Teams hate the Clippers. They hate the way the Clippers try to fluff the officials for calls, they hate the way the Clippers complain when they get smacked across the face without a foul call, they hate the way the Clippers want loose ball fouls called when DeAndre Jordan’s arm gets grabbed, and they hate the way the two leaders of the team – Chris Paul and Blake Griffin – opine for fouls that they think they deserve. In short, teams hate the Clippers for being just like every other team in the NBA but hate them more because, well, they’re the lowly Clippers. It’s not their time to shine. They need to wait their turn in line a little longer before they can puff their chest out and try to assert their dominance. Except the Clippers shouldn’t have to take that. Not anymore. Not now.

From now on, the Clippers need to make a conscience decision. Are they going to be the team that the NBA constantly misidentifies or are they going to be the team that gives the rest of the NBA a reason to hate them? Once again, it should be the latter and not the former. If Serge Ibaka punches you in the man region, remember it and use it the next time you come close to him for a rebound. If Tony Allen kicks you in the face, remember it and pay him back when he reaches in as you corral a rebound and swing your elbows. If Andre Miller elbows you in the back of the head, remember it and get him back with a screen. The time for pleasantries is over. No one will like this team. Ever. This team wasn’t supposed to be good. Ever. They were supposed to just sit in the corner and wait their turn for juice boxes. They weren’t supposed to skip ahead of the line and start grabbing them. If the Clippers want to take the next step, be the bully.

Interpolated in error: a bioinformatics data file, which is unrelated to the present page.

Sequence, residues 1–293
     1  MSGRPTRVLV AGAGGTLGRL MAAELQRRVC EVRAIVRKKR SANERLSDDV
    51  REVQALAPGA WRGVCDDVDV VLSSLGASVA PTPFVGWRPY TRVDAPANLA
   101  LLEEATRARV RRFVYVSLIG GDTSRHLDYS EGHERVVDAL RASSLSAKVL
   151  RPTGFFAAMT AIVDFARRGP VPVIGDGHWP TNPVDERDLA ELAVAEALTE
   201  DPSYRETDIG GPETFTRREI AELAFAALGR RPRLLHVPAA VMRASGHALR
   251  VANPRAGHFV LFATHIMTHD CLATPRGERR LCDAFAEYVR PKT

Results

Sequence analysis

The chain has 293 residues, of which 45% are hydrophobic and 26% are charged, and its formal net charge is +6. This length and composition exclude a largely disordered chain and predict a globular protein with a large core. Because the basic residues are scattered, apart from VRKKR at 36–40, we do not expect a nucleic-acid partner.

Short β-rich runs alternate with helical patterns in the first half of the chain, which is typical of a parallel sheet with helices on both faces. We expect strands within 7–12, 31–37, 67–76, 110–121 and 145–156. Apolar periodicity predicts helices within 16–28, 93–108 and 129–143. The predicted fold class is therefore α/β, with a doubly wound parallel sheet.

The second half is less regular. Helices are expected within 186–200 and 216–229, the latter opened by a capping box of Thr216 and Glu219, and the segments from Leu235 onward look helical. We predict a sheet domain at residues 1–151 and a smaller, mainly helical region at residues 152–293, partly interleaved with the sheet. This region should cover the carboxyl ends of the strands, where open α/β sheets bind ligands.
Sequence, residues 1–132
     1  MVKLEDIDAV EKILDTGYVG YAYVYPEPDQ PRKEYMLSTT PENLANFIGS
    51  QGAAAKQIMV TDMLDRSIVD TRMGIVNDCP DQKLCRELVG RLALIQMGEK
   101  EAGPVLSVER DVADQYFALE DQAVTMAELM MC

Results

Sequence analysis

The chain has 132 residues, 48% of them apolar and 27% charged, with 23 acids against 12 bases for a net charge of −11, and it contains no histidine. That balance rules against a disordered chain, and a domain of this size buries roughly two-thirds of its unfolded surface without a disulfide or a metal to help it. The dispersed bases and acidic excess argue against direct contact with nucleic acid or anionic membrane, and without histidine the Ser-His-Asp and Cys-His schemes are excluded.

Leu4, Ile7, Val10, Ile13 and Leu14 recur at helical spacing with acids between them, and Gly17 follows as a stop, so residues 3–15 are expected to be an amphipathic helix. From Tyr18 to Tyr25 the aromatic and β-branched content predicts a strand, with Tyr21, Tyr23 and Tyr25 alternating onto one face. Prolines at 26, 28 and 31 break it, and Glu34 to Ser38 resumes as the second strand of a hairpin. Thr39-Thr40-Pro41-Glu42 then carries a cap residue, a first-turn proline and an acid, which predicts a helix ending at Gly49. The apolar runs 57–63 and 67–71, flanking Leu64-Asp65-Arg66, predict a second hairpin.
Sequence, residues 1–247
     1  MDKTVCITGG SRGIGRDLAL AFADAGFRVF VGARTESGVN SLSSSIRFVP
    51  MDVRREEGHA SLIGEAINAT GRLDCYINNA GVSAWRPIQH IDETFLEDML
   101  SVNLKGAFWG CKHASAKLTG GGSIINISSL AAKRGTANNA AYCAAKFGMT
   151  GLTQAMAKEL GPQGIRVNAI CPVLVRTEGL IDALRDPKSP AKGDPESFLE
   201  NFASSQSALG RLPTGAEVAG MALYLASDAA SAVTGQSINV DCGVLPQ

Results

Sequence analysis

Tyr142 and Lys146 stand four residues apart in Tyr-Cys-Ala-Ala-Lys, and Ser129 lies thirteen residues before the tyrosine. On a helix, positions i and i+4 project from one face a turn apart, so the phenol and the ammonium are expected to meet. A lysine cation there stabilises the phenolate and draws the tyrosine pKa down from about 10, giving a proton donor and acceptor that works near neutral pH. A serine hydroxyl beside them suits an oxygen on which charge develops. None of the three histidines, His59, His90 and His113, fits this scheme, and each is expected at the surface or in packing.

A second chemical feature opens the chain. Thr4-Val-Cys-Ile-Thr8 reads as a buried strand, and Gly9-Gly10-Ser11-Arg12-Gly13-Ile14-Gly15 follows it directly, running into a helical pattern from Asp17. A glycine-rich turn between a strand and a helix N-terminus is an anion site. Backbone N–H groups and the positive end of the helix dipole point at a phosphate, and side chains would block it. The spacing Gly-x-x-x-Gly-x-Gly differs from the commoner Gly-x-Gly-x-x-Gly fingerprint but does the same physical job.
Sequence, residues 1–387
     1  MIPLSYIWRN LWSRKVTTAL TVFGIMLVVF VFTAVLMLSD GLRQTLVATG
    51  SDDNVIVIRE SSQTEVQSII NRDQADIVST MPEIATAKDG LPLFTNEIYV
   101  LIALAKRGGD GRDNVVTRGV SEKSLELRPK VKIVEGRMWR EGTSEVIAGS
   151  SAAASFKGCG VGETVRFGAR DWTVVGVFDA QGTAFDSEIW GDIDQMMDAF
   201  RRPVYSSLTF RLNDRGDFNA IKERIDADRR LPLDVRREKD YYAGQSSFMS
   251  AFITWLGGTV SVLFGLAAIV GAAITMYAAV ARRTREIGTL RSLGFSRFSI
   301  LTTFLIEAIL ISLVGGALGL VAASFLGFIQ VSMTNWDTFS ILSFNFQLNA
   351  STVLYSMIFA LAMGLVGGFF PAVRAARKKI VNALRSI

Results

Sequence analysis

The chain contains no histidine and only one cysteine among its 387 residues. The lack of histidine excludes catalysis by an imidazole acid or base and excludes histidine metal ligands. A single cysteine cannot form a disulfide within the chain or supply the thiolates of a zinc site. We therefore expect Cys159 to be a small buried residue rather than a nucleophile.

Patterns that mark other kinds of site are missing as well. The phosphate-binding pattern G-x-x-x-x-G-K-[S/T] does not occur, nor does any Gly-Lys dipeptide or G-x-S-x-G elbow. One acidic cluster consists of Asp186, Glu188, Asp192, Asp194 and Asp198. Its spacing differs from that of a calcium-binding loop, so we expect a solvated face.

To truly shed the labels that the rest of the basketball world has placed on them – i.e. “soft”, “whiny”, “petulant”, “bitchy” – the team needs a facelift. To put it into WWE terms, the Clippers are John Cena. They were flashy once, cool even. But they’re now in the limelight too much and people don’t like it. In fact, they resent it. They want to see them lose. The casual fans want to see them nowhere near the main event. Rather, they just want the Clippers relegated somewhere around the mid-card, where they can put on spotty performances and be forgotten about like a fart in the wind. Yet, this is where the Clippers should rationally make the decision to not be John Cena. Instead, they should be Brock Lesnar. Own being the asshole.

Did you just dunk on someone? Make sure they know. Did you just set a hard screen? Make sure they know. Did you just beat a contender? Make sure they know. Make sure they know it every step of the way so that they can hate you even more to the point where the line between good and bad is blurred beyond all recognition and all that’s left is just the Clippers and the way they do business. Deep down, this is what should happen. The Clippers should pull out a “take no prisoners” approach and do so as long as this core group is together. It doesn’t even matter if they win a title at this point. It’s about leaving your mark. What better way to leave your mark than piss off every single opponent and opposing fan you run across? Make sure they know you hate them. Make sure they know it each and every night you put on the jersey. Hell, they already do hate this team for dumb reasons. You might as well just give them something viable to actually hate now rather than imaginary.